The price of homes for sale in England and Wales fell in August, posting the biggest drop since November, as the summer lull added to uncertainty surrounding Britain's decision to leave the European Union, property website Rightmove said on Monday.

Asking prices fell by a monthly 1.2 percent, according to a survey by Rightmove that covers properties put on sale between July 10 and Aug. 6, after shedding 0.9 percent in July.

The biggest drop was in London and the South East, with asking prices falling by 2.6 percent and 2.0 percent respectively.

"Many prospective buyers take a summer break from home-hunting, and those who come to market at this quieter time of year tend to price more aggressively," Miles Shipside, Rightmove director and housing market analyst, said.

"This summer is also affected by both Brexit uncertainty and the aftermath of the buy-to-let rush in March to beat the stamp duty deadline."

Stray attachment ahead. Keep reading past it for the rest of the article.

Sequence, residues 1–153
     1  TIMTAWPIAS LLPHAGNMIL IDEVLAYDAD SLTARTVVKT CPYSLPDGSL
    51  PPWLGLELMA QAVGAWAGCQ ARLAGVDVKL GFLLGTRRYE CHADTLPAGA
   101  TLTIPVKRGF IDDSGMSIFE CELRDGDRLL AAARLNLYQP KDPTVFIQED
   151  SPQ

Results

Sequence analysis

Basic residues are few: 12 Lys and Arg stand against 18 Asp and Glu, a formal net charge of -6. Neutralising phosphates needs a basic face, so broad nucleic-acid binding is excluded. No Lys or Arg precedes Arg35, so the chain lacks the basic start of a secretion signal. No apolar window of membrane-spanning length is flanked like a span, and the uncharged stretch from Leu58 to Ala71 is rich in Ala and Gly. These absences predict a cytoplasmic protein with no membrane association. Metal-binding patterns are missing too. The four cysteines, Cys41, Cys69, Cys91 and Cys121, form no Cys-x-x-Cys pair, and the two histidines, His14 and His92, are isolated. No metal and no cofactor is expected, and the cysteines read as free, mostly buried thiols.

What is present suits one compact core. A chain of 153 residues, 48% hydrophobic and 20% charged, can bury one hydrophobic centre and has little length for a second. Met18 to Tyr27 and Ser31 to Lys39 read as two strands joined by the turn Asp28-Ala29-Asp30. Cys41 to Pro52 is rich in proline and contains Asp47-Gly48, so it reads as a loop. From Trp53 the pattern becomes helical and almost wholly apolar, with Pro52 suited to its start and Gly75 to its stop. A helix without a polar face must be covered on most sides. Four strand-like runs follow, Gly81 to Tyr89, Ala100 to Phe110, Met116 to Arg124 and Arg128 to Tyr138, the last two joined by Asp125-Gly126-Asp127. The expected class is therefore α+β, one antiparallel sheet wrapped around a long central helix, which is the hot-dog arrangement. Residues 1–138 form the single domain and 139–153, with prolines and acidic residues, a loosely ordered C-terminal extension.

Britain voted to leave the European Union in a referendum on June 23 - a decision many economists think could tip the economy into recession and which prompted the Bank of England to cut interest rates for the first time since 2009 earlier this month.

More http://uk.reuters.com/article/uk-britain-economy-housing-idUKKCN10Q0OE

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(Note on London Property from JLL)

 

Update on Prime Central London market as of Q2 2016 – report from JLL London

This week JLL issued press releases on both the sales and lettings markets in Prime Central London. Both releases contain a vast amount of information about the market at present so, given the level of detail, we would like to present them in their entirety. The definition of Prime Central London in terms of the data used covers the postcodes of SW1, SW3, SW5, SW7, SW10, W1, W8 and W11.